Best Day Ever

An Unforgettable Day in Punta del Este, Uruguay

by Victoria Lewis
The Hello, Atlantic. All photos by Victoria Lewis.

In the shadow of Jose Ignacio, the hottest beach destination in Uruguay, a small seaside town shines. Victoria Lewis spends an unforgettable day on the lesser-known shores of Punta del Este, taking in the best the country has to offer.

PUNTA DEL ESTE, Uruguay – When people visit Punta del Este, it's often as a side trip from the fishing village-turned-celebrity hotspot Jose Ignacio, 40 minutes down the coast. And while I can't fault anyone for prioritizing the trendy destination — a magical place where days are spent wandering barefoot from beach to bar and back among seriously beautiful people — Punta del Este and the surrounding countryside are also worth a trip. The food is amazing, the wine is delicious, the art is great.

And you don't have to be a movie star or run a small European nation to get a table for lunch, though of course it never hurts.

Here's the agenda for a perfect day sampling a little bit of everything Punta does well.


It's hard to have a bad day when you wake up to a panoramic view of the Atlantic. At Grand Hotel, every room offers just that. Spend a few minutes reveling in the vista, then drag yourself from the ultra-soft bed to the decadent breakfast buffet. Should your morning start in the afternoon, you'll eat well at waffle time, which is exactly what it sounds like. Get hungry: It begins at 3 p.m.

The lobby at Grand Hotel

The angles at Grand Hotel.

A bedroom at Grand Hotel

A bedroom at Grand Hotel.

The Spa at Grand Hotel

The spa at Grand Hotel.

Time for a visit to the hotel spa. Things get started later in this part of the world, so if you get up at a reasonable hour, you'll have time for a quick massage and a refreshing dip in the pool before starting your day.

If you're like me and prefer the ocean, it's just right across the street. I dashed over post-massage, still wearing my robe and slippers, and had the whole stretch of sand to myself.


Punta del Este is easy to navigate and even easier if you hire a driver. The hotel can set it up, but ask for Nicolas from Novo Turismo. He's an absolute gem.

Our first stop is a sculpture on the beach. Los Dedos (“the fingers”), a famous work by Chilean artist Mario Irarrázabal, is a favorite spot of selfie stick-wielding visitors. Embrace the moment and take a few selfies of your own (but do it without the stick, please).

Next stop is the fish market by the marina. It's a little smelly, but if you walk down the promenade, local fishermen will give you bits of fish (and a plastic bag to avoid getting guts on your hand) to feed to the sea lions that hang out in the water nearby. It's silly and fun and will fulfill your childhood fantasy of being a trainer at SeaWorld.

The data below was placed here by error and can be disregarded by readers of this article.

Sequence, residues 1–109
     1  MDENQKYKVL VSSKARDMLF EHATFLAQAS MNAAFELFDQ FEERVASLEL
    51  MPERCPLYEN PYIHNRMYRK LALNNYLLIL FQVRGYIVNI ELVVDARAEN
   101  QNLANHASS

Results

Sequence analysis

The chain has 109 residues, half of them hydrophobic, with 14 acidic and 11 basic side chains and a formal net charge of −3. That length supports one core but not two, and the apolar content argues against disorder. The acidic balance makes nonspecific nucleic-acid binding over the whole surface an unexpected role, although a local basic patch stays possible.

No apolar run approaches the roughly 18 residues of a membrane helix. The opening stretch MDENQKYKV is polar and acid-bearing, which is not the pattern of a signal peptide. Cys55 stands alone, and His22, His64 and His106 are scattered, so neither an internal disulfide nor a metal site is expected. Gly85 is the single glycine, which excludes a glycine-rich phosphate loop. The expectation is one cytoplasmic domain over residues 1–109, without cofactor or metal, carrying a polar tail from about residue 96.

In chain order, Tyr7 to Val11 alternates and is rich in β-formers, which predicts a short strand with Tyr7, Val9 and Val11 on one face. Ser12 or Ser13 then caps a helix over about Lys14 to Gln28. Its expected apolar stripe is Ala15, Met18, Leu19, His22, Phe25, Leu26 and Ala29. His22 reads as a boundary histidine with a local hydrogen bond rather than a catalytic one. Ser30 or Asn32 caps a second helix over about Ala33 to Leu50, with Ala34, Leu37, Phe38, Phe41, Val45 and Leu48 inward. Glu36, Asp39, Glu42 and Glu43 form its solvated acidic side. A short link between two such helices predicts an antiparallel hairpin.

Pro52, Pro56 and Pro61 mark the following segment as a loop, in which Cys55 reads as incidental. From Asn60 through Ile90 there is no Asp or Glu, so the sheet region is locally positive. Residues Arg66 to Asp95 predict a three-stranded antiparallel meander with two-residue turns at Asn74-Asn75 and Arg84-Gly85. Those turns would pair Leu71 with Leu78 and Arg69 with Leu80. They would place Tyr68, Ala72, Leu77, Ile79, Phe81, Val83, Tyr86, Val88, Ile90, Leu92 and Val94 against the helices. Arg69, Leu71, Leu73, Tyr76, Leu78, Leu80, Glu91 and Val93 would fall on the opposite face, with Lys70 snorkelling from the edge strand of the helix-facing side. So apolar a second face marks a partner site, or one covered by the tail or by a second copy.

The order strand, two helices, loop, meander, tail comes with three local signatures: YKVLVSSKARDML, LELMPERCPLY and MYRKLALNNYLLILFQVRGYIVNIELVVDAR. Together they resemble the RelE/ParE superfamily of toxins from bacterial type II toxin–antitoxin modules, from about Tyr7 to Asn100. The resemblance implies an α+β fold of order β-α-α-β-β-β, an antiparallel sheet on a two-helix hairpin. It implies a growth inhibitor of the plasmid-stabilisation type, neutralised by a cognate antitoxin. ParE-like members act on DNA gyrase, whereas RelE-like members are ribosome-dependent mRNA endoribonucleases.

Then it's out to the countryside to visit the studio of local artist Pablo Atchugarry. The grounds include a sculpture park and two galleries showcasing his work and that of other Latin American artists. If you're lucky, you'll catch a glimpse of him working on one of his massive marble sculptures.

Marina at Punta del Este

The marina in Punta del Este.

Selfie at Los Dedos on Playa Brava

Los Dedos on Playa Brava. Note the selfies in action.

sculpture by Pablo Atchugarry

A sculpture by Pablo Atchugarry.


Head downtown for lunch at the delicious health food spot Tea for Three. If you've been hanging out in South America, you'll welcome the refreshing menu of fresh-pressed green juices, quinoa bowls, and veggie burgers. This may be the first and last time you'll see a salad offered as main course on your trip.


Not to be outdone by neighboring Argentina and Chile, Uruguay is finally entering the wine-making game. Punta del Este is home to several excellent new wineries, but the standout is Alto de la Ballena. Stop by their hilltop tasting room to try their delicious merlot, cabernet franc, and the typically Uruguayan tannat-viognier blend. A case makes a great souvenir. Just saying. (Here's my Fathom Love Letter to the winery.)


Leave enough time to drive back to the coast and find a seat on the terrace at Casapueblo before sunset. The sprawling museum/studio/hotel built by artist Carlos Paez Vilaro offers a notoriously spectacular view.

Alto de la Ballena winery

The wine from Alto de la Ballena.

Dining room at Casapueblo

Seating at Casapueblo.

Casapueblo at Sunset

Views of the coastline from Casapueblo.


For a once-in-a-lifetime dinner, trek to chef Francis Mallmann's Garzon (one of Fathom's Most Romantic Hotels in the World). Sadly, so very sadly, the famed restaurant wasn't open when I visited, so we had delicious pasta and super-fresh seafood at nearby Lo de Tere. (How fresh? The fish market is across the street.)

Nicolas also suggested La Bourgogne for upscale French dining. If you're really craving French food, there's an entire street,  Boulevard Gourmet, packed with many standout options.

Local night owls swear that Tequila (Calle 11, La Barra; +598-9594-0960) is the place to see and be seen — the building is a modeling agency by day and nightclub by night. But, after a full day, I was happy to head home and tuck myself into my oversize bed. After all, I had to rest up for tomorrow's dip in the beautiful sea.


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Fathom's Guide to Jose Ignacio

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